On the basis of the remarkable differences between the Vedic and the sramana philosophies, the presence of poorly-understood pre-Vedic cultures in general and various indications within mythology, many historians agree that the sramana tradition is indeed indigenous and pre-Vedic, though the exact origins and early history are not known and cannot be established from existing evidence.
Traditionally, the highest teachers of Jainism who attain liberation from the cycle of birth and death are thought to have conquered the world and their own selves, and are known as ‘jina’ or ‘victor’. The term ‘Jain’ comes from the word ‘jina’.
The current view of the Jain philosophy holds that there is no creator-god, the universe is uncreated, eternal and cyclical. All beings are dependent on each other, and have potentially divine souls who can attain liberation on the basis of the ethical quality of their own actions. Truth is thought to have multiple perspectives, and is thought to be only partially comprehensible to ordinary beings. The view of some kind of a singular truth or kevalgyan is thought to be restricted to liberated beings. The path to liberation is thought comprise of the right vision, the right knowledge and the right conduct. Conduct in the form of thought, speech and action is thought to have a real as well as spiritual outcome, measured by karma. A being is liberated when they are able to rid themselves of all karma.
The ethics for being a Jain are thought to be well-codified in the five precepts of ahinsa or non-violence,aparigraha or restrained consumption, asteya or non-stealing, satya or truth and brahmacharya or sexual restraint. Ethical instructions also go into specific details of thoughtful conduct, such as how to treat food or waste. The Jain thinkers also have their own categorization of beings in the world, from microorganisms to plants to animals and humans. Behaviours of and towards each category is also outlined. Meditative contemplation in general and towards all aspects of one’s life is emphasized for a fruitful pursuit of these ethics.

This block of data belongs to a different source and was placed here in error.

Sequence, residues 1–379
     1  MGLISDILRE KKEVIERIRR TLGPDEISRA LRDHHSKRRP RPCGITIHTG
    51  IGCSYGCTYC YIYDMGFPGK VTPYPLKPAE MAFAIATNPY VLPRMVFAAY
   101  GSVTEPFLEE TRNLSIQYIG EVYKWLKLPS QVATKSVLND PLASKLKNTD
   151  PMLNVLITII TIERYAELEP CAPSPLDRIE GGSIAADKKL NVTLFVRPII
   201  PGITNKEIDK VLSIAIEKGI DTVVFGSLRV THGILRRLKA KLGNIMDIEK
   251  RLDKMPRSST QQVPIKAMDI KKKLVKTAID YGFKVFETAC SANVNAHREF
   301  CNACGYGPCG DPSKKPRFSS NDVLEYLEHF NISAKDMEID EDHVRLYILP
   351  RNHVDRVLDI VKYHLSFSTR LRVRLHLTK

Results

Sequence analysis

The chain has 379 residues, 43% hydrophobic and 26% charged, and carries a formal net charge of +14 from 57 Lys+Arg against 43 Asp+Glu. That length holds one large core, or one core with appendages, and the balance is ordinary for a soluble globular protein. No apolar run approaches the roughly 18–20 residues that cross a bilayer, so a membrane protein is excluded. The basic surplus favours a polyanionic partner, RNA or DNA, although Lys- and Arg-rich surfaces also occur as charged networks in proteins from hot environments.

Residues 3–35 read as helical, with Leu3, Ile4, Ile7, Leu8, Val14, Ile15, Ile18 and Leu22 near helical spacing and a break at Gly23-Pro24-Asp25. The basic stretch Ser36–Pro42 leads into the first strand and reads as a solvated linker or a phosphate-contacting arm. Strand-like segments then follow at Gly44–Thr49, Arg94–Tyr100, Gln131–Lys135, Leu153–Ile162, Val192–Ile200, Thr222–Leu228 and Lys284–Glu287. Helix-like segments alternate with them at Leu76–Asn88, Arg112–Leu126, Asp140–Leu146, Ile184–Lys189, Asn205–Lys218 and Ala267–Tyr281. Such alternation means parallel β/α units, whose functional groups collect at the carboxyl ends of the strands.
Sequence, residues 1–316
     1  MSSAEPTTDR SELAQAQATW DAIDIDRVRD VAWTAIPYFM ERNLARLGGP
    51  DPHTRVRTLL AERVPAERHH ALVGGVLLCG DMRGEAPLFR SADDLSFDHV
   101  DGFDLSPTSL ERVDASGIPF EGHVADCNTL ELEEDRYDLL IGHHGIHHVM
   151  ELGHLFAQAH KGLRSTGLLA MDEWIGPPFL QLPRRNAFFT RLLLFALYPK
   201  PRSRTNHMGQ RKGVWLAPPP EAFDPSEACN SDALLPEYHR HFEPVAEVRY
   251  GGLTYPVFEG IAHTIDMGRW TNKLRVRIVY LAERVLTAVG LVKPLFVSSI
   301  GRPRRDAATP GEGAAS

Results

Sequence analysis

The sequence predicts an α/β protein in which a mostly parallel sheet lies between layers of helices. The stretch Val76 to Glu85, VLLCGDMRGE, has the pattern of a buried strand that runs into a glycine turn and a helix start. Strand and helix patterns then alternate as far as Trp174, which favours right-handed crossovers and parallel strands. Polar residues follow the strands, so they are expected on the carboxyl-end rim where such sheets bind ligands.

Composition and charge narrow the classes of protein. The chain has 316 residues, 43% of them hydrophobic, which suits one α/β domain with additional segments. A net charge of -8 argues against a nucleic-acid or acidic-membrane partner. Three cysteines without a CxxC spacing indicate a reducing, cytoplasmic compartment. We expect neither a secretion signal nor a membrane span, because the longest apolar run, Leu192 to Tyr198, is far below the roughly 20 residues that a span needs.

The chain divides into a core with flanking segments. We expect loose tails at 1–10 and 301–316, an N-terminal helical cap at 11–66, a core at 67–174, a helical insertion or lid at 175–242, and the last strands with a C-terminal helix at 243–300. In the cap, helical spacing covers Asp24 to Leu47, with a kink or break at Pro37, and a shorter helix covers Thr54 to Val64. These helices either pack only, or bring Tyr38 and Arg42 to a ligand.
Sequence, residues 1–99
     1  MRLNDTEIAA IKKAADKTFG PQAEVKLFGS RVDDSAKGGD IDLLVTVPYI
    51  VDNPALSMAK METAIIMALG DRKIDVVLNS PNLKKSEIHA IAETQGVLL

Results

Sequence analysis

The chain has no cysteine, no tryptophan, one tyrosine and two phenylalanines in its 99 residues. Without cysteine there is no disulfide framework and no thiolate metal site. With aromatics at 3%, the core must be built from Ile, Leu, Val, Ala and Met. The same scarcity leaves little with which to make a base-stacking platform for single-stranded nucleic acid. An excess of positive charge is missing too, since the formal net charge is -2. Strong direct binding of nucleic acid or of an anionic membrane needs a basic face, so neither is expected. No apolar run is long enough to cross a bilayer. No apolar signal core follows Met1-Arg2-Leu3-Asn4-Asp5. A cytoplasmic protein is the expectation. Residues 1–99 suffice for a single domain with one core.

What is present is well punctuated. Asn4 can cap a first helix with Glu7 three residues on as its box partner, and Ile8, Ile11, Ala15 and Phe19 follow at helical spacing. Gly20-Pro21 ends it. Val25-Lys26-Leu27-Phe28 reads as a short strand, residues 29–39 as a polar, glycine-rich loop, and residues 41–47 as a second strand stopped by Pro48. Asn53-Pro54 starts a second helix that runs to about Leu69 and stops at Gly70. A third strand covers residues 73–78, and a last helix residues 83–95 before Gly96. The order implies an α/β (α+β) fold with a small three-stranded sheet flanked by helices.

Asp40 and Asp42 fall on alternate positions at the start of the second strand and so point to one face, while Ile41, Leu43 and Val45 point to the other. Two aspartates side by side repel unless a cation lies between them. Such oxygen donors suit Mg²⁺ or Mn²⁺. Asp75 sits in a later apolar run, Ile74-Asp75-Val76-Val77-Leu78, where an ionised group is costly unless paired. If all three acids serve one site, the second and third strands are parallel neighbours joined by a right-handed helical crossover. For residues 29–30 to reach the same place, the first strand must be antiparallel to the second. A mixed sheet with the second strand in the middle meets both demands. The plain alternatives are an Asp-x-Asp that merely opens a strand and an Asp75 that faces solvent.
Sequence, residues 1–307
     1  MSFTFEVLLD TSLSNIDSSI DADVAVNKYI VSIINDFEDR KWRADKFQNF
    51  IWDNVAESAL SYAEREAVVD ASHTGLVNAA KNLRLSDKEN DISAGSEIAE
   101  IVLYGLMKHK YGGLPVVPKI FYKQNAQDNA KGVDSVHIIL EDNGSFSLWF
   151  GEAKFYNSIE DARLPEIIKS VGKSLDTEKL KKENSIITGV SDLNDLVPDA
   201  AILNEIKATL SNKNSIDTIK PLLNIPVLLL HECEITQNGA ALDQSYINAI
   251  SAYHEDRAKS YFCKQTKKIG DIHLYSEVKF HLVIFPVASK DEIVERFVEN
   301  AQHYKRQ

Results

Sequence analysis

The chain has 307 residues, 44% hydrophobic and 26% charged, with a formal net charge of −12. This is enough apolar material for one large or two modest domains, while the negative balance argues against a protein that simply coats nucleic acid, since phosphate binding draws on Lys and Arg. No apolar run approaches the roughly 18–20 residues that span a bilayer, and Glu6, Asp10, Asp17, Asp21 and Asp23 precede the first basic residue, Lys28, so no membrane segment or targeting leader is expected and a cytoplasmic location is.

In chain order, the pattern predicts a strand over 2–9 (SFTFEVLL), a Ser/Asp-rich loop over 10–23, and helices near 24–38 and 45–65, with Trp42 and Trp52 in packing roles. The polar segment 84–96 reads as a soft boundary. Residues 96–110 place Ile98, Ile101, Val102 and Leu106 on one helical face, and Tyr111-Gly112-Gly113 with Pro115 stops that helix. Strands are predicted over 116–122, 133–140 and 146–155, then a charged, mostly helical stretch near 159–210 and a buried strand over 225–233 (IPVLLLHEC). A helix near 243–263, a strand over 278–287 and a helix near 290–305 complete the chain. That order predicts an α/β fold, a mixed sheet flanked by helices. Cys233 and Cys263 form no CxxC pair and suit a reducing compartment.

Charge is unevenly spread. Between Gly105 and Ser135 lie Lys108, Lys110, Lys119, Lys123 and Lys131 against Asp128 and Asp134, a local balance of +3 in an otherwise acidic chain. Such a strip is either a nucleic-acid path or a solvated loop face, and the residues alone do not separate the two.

The culture and external trappings of contemporary Jain tradition incorporates many elements that the inner, ripened philosophy of it denounces. These include rituals, idol-worship, chants, temples, unquestioned obedience of scriptures and any form of symbolic or superstitious activity. As the Jain way of life spread and gained converts, it had to incorporate existing ways of the converted community by recasting them through a Jain worldview. For example, the Hindu epics of Ramayana and Mahabharata have Jain versions which take focus away from divine and semi-divine entities and try to depict the characters as human beings and posit the Jain ideals as the highest goals of life.
There are several sects and subsects of Jainism today, all of which share a majority of beliefs, including the innermost philosophies and ethical principles. The differences are over technical, mythological, historical, interpretive and other issues, none of which indicate a large departure from the fundamental basis of the Jain way of life. Once a major community, Jains today account for only a minuscule fraction of India’s population of more than 1.2 billion. Jainism is now recognized as a minority religion in India.
Text and images: Jainism.com
The cover image of this article is taken from Wikimedia Commons, based on an image by Anish Shah. It is licensed under the Creative Commons Attribution 3.0 Unported license.
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 The Heathen in His Blindness: Asia, the West, and the Dynamic of Religion by S. N. Balagangadhara, pp. 228-238
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 The Ancient Indus Valley: New Perspectives by Jane McIntosh, Chapter 9
 Extracts from transliterations and translations of the Rig Veda